Out of Sight, Out of Mine: Ocean Dumping of Mine Wastes

Robert Moran, Amanda Reichelt-Brushett, and Roy Young

Beginning in 1996 and continuing through at least mid-2004, the Newmont Minahasa Raya gold mine dumped 2,000 tons per day of wastes into the tropical, coral-rich waters of Buyat Bay, off the island of Sulawesi, Indonesia-waters that previously had been the main source of food and income for local families. Soon stories began circulating that the fish were disappearing and that those remaining had deformities. Villagers also complained of strange skin rashes, tumors, and other forms of disease, all of which they claimed started after the waste disposal began. An independent team of scientists was commissioned by the Indonesian government to review the information and concluded that contamination by the mine had occurred. Newmont Mining Corporation, the U.S.-based parent company, commissioned its own studies and continually claimed that the data showed no water contamination-although they neglected to mention that these very studies clearly revealed the polluting of bay sediments by mercury, arsenic, antimony, and other metals and the likely uptake of these pollutants by bottom-dwelling organisms.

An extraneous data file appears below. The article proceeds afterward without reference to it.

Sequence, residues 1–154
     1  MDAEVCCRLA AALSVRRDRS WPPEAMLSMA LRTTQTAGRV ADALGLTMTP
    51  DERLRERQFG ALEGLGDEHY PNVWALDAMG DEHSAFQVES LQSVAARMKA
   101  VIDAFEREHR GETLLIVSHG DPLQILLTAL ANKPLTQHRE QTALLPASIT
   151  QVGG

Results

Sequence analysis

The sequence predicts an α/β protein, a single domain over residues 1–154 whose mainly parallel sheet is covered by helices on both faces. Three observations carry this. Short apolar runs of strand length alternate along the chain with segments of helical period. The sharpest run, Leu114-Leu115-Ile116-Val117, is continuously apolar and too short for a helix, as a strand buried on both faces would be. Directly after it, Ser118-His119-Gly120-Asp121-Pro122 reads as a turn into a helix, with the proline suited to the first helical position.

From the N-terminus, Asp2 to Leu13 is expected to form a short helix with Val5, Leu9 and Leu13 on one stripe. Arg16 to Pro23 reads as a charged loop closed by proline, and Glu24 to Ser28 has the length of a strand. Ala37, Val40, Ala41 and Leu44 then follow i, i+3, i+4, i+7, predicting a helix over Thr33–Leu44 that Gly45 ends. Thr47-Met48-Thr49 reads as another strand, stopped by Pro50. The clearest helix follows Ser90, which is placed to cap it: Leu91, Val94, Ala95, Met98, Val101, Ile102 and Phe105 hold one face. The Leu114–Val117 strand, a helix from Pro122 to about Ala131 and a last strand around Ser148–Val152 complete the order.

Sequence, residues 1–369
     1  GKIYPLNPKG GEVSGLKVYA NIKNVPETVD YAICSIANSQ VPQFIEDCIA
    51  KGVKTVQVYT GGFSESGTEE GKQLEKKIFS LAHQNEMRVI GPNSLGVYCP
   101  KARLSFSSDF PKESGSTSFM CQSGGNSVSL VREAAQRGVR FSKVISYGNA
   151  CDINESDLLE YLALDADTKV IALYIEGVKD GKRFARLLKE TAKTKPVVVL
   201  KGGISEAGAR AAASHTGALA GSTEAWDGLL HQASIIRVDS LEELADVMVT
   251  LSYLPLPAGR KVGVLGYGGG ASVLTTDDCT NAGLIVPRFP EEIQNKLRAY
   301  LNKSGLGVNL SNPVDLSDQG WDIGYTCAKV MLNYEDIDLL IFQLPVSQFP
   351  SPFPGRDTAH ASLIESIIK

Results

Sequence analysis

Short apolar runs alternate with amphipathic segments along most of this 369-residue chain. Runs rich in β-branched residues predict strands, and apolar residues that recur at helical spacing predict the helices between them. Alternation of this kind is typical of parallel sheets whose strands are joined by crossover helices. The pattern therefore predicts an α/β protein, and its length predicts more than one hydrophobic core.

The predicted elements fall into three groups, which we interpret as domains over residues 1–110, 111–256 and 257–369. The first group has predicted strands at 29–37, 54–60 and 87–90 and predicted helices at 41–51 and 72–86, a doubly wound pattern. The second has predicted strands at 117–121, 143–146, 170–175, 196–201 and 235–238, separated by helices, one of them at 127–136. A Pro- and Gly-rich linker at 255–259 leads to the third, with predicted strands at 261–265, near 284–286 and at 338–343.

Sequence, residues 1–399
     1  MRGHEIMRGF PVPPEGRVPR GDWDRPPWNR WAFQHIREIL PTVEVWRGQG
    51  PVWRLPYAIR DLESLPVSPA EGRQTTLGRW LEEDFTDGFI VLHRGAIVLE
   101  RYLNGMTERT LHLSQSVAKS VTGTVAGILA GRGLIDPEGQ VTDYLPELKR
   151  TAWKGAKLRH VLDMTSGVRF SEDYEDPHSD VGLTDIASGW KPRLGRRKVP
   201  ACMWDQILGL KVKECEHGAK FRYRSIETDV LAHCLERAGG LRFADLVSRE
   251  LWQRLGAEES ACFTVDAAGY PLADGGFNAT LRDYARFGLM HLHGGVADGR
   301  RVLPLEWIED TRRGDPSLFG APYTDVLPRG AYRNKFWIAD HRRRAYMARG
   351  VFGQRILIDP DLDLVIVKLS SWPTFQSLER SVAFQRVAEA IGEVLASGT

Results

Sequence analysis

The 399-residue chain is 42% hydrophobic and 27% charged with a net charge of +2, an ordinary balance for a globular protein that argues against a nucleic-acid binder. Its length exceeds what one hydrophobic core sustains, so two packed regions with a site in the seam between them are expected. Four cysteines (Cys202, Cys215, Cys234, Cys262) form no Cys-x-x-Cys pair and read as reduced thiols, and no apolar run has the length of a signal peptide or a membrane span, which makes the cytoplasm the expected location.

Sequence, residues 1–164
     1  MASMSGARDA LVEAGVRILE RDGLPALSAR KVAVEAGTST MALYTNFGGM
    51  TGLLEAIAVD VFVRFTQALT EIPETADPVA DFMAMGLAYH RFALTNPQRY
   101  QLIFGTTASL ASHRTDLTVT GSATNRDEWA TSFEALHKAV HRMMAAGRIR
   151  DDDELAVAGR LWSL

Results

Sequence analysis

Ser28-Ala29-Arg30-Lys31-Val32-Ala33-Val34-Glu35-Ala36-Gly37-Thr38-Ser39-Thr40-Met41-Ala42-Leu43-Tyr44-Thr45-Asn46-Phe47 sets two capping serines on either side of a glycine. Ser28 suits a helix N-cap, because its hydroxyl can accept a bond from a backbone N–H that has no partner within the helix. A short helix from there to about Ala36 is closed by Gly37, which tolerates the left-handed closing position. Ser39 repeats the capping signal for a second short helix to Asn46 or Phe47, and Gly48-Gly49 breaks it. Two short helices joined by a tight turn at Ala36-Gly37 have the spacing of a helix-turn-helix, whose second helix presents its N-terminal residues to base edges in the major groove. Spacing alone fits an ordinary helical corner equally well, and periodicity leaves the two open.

Buyat stories appeared everywhere in the media throughout the Pacific and quickly were investigated by the New York Times. Soon the Indonesian government arrested the head of Newmont Minahasa Raya and five other employees. A series of lawsuits followed. In 2007, an Indonesian court found both Newmont and its local director not guilty of the alleged crimes, but the state prosecutor subsequently appealed the ruling to the Indonesian Supreme Court. Some villagers were relocated in response to fears about the alleged contamination, but the claims and counterclaims have left the villagers confused and the issue hanging. Meanwhile, Newmont received permission from the Indonesian government to commence operating a copper-gold mine, Batu Hijau, which dumps up to 160,000 tons per day of wastes off the coast of another Indonesian island, Sumbawa-70 to 80 times the volume of waste disposed into Buyat Bay.